The German premiere was held on 2 November 2014 in Wetzlar Cathedral.

Australian honours system

The Australian honours system consists of a number of orders, decorations, and medals through which the country's sovereign awards its citizens for actions or deeds that benefit the nation. Established in 1975 with the creation of the Order of Australia, the system's scope has grown since then and over time has replaced the Imperial/British honours system that previously applied to Australians. The system includes an array of awards, both civil and military, for gallantry, bravery, distinguished service, meritorious service, and long service. Various campaign and commemorative medals have also been struck. New honours can be awarded at any time, but conventionally most new honours are awarded on Australia Day (26 January) and on the Queen's Birthday (as observed in the eastern states, that is, on the second Monday in June) every year, when lists of new honours are published.

Bill Heseltine

William "Bill" Heseltine was a three-time Australian cycling champion who while competing for Australia, won the 10 mile scratch on the track at the 1950 British Empire Games (now Commonwealth Games) in New Zealand.Known as the country champion from his home state of Queensland, he took out the 3 mile state title in 1949 in a record time of 4 minutes 51.4 seconds, a feat that earned him a shot at the Australian championships. In the 10 mile Australian race, Heseltine and fellow Queenslander Ken Caves put a lap on the rest of the field, allowing them to go head to head for the title. With a lap to go, Cave lead, but Heseltine joined Cave with 300 yards to go. It wasn't until the last 50 yards that Heseltine hit the front. He went on to beat Cave by a bike's length. He was then selected for the Empire Games in February 1950, where he won the Gold Medal in games record time.Heseltine went on to win a large number of Queensland titles as well as 3 Australian Championships. Bill Heseltine missed a real chance at an Australian call up for the 1952 Olympic team when he suffered an horrific bike smash.

Herne House School

Herne House School was a minor private boarding school for boys based in Margate, Kent, England, founded at the end of the 19th century and which was only open for a very short period.


Heseltine is an English surname, and may refer to:

Annabel Heseltine (b. 1960), British journalist

Bill Heseltine, Australian cyclist

Catherine Heseltine (b. 1978), British Muslim activist

Christopher Heseltine (1869–1944), English cricketer

F. J. Heseltine, English cricketer

James Heseltine (c.1690–1763), English organist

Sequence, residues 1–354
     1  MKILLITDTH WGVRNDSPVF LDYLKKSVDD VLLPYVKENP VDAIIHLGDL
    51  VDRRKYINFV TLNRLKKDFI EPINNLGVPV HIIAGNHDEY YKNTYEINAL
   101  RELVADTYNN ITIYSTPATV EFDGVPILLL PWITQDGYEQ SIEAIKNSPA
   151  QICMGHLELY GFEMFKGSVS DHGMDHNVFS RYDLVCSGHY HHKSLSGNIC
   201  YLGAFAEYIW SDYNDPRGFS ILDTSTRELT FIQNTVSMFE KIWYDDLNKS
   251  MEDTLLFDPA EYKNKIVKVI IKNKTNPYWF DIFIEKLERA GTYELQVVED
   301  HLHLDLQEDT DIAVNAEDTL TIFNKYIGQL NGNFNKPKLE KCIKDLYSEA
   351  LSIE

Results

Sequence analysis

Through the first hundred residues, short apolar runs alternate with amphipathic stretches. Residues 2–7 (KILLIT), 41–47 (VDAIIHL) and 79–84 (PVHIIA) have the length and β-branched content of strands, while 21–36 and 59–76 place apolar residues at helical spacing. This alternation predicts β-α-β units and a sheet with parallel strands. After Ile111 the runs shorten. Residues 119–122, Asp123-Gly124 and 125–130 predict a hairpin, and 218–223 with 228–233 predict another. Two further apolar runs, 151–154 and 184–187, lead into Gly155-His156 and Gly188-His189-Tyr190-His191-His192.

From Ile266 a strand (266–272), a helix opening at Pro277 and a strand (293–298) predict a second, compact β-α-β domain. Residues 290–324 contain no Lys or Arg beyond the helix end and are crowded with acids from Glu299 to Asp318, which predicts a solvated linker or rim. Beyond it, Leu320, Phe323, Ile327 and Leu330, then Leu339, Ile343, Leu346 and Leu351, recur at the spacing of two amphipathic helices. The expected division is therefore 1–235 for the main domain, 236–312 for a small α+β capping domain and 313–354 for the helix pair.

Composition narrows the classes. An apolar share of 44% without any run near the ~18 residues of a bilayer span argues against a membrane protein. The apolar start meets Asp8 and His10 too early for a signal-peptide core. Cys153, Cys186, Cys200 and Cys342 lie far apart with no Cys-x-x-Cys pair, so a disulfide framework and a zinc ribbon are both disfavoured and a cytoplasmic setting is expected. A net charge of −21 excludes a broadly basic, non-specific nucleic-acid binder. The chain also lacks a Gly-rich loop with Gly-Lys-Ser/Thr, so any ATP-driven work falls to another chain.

John Postle Heseltine (1843–1929), British painter and art collector

Michael Heseltine (born 1933), British politician

Nigel Heseltine (1916–1995), Welsh writer

Peter Heseltine (b. 1965), English cricketer

Philip Heseltine, British composer known as Peter Warlock (1894–1930)

Philip Heseltine (b. 1960), English cricketer

S. R. Heseltine (1849–1920), riverboat captain and horse racing official in South Australia

Wayne Heseltine, English footballer

William Heseltine (born 1930), former Private Secretary to Queen Elizabeth II

Michael Shea (diplomat)

Michael Sinclair MacAuslan Shea, CVO (10 May 1938 in Carluke, Lanarkshire, Scotland – 17 October 2009) was press secretary to Elizabeth II of the United Kingdom from 1978 to 1987. Earlier he had been a career diplomat and was also an author of political thrillers and non-fiction.

Official Secretary to the Governor-General of Australia

The Official Secretary to the Governor-General of Australia and his staff provide governors-general with the necessary support to enable them to carry out their constitutional, statutory, ceremonial, and public duties. The position of Official Secretary was established in 1901, although only statutorily established in its modern form in 1984. It was abolished in 1927 after the Parliament moved from Melbourne to Canberra, but was recreated in 1931. As of 18 August 2018 the Official Secretary is Paul Singer.

Peter Heseltine

Peter Anthony William Heseltine (born 5 April 1965) is a former English cricketer. Heseltine was a right-handed batsman who bowled right-arm off break. He was born at Barnsley, Yorkshire.

Heseltine made his first-class debut for Sussex against the touring Pakistanis in 1987. He made nineteen further first-class appearances for the county, the last of which came against Surrey in the 1988 County Championship. In his twenty first-class appearances, he took 22 wickets at an average of 48.59, with best figures of 3/33. With the bat, he scored a total of 186 runs at a batting average of 10.94, with a high score of 26. He made three List A appearances for Sussex during the course of the 1987 season, twice against Surrey and once against Northamptonshire. He took four wickets in his three List A matches for the county, which came at an average of 13.50, with best figures of 2/12. He left Sussex at the end of the 1988 season.

He later joined Durham in 1991, playing a single List A match against Glamorgan in the NatWest Trophy, in which he took the wicket of Ravi Shastri, to finish with figures of 1/37 from 12 overs in Glamorgan's total of 345/2. In Durham's innings of 305/9, he ended the innings unbeaten on 5 runs, with Glamorgan winning by 40 runs. He also played a single Minor Counties Championship match that season against Staffordshire. Durham gained first-class status and were admitted to the County Championship for the 1992 season, though Heseltine wasn't retained by Durham.

His brother, Phillip, has also played first-class cricket.

Philip Moore, Baron Moore of Wolvercote

Philip Brian Cecil Moore, Baron Moore of Wolvercote, (6 April 1921 – 7 April 2009) was Private Secretary to Queen Elizabeth II of the United Kingdom from 1977 to 1986.